There's a good chance you've never heard of this Lamborghini.
Last month, Lamborghini celebrated a new milestone after the 10,000th Aventador rolled off the production line. This isn't only milestone Lamborghini is celebrating, however, because one of the company's most under-appreciated sports cars has just turned 50. We're talking about the long-forgotten Lamborghini Urraco, a sports car you've probably never heard of.
Unveiled at the Turin Motor Show in 1970, the Urraco's design was innovative for its time. Taking the form of a 2+2 coupe, the Urraco featured a mid-mounted V8 rear engine and independent suspension, while the chassis was fitted with a MacPherson strut system on both front and rear axles for the first time in a production car.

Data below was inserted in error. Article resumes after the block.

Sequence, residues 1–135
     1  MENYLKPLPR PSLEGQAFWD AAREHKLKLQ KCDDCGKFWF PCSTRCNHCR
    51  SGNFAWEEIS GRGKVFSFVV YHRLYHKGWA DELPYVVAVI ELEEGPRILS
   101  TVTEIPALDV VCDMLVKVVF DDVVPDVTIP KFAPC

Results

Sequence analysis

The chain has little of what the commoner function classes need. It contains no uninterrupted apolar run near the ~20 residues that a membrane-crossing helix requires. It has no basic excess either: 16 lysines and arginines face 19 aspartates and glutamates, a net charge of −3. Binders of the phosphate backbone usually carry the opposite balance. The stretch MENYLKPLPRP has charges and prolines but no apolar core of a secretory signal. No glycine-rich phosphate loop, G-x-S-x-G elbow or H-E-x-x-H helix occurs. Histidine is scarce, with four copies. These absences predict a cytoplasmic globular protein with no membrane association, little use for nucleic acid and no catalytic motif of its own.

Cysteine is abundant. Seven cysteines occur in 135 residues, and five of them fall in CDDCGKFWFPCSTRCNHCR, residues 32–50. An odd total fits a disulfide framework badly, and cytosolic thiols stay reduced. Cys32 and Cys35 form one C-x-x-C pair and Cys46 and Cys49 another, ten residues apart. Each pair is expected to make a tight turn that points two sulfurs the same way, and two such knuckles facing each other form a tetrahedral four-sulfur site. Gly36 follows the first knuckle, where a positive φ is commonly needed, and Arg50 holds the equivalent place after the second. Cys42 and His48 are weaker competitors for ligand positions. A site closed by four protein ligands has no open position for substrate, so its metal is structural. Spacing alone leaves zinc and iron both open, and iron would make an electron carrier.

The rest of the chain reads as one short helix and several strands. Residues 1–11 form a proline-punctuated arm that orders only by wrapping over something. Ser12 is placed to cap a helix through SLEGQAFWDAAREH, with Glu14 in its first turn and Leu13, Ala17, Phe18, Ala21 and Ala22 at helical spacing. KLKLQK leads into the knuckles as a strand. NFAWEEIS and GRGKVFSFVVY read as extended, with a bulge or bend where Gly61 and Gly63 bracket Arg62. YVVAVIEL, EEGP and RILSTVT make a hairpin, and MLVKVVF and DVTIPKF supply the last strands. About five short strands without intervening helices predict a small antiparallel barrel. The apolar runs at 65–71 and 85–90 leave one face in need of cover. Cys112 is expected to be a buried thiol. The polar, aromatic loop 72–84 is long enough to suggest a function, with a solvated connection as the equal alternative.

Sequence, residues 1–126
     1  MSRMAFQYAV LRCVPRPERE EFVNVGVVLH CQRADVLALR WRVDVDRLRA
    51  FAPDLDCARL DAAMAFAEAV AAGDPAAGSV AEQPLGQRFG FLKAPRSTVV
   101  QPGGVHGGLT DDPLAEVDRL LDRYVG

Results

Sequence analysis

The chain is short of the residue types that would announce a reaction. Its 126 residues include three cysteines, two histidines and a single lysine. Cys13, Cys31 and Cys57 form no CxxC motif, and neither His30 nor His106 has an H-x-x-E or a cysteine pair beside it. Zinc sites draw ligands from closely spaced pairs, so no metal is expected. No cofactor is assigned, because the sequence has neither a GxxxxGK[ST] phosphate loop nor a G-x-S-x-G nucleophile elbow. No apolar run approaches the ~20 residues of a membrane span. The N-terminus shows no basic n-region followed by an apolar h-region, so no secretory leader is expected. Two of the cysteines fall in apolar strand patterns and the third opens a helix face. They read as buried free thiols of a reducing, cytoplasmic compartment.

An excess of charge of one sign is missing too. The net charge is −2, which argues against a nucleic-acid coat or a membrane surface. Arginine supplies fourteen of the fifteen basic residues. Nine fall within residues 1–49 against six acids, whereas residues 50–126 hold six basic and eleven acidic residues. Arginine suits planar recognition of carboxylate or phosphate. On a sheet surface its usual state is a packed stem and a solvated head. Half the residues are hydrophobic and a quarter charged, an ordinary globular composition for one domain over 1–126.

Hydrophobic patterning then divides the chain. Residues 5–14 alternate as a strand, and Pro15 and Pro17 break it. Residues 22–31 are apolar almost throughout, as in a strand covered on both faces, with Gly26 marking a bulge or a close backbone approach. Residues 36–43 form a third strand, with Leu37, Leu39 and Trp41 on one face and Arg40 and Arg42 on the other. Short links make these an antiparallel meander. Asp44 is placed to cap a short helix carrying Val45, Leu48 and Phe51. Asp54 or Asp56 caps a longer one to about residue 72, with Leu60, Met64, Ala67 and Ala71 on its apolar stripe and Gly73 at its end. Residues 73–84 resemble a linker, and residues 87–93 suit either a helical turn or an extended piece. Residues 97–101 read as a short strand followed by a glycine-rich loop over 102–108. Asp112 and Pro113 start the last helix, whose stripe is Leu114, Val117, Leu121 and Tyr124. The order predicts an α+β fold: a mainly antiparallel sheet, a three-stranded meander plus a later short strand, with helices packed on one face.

Initally, the Urraco was powered by a 2.5-liter V8 delivering 220 hp, enabling the sports coupe to hit a top speed of 152 mph. Unusually for the time, the Urraco's eight-cylinder engine featured single overhead camshafts and a "Heron chamber" engine head enabling a higher compression ratio without increasing development costs. Another novelty was the four Weber double-body 40 IDF1 type carburetors. Its distinctive, wedge-shaped design was penned by Marcello Gandini, who was the principal designer for Carrozzeria Bertone at the time.
Measuring 13.9 feet long, the interior also had an unconventional dashboard and instrument layout along with a dished steering wheel.
Built between 1970 and 1976, the Lamborghini P250 Urraco used a 2.5-liter V8. Only 520 examples rolled off the production line. This was followed by the ultra-rare 2.0-liter P200 that generated 180 hp. Production was limited to just 66 examples for the Italian market between 1975 and 1977. And between 1975 and 1979, Lamborghini finally built 190 examples of the P300, which had a larger 3.0-liter displacement and 265 hp. The Urraco subsequently led to Lamborghini producing more eight-cylinder and ten-cylinder models, such as the Gallardo and the Huracan.